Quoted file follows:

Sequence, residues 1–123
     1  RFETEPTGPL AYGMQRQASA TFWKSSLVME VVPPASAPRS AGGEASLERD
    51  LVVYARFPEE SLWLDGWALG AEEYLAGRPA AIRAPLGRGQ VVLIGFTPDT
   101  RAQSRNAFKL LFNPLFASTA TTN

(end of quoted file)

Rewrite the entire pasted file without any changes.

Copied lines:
Sequence, residues 1–123
     1  RFETEPTGPL AYGMQRQASA TFWKSSLVME VVPPASAPRS AGGEASLERD
    51  LVVYARFPEE SLWLDGWALG AEEYLAGRPA AIRAPLGRGQ VVLIGFTPDT
   101  RAQSRNAFKL LFNPLFASTA TTN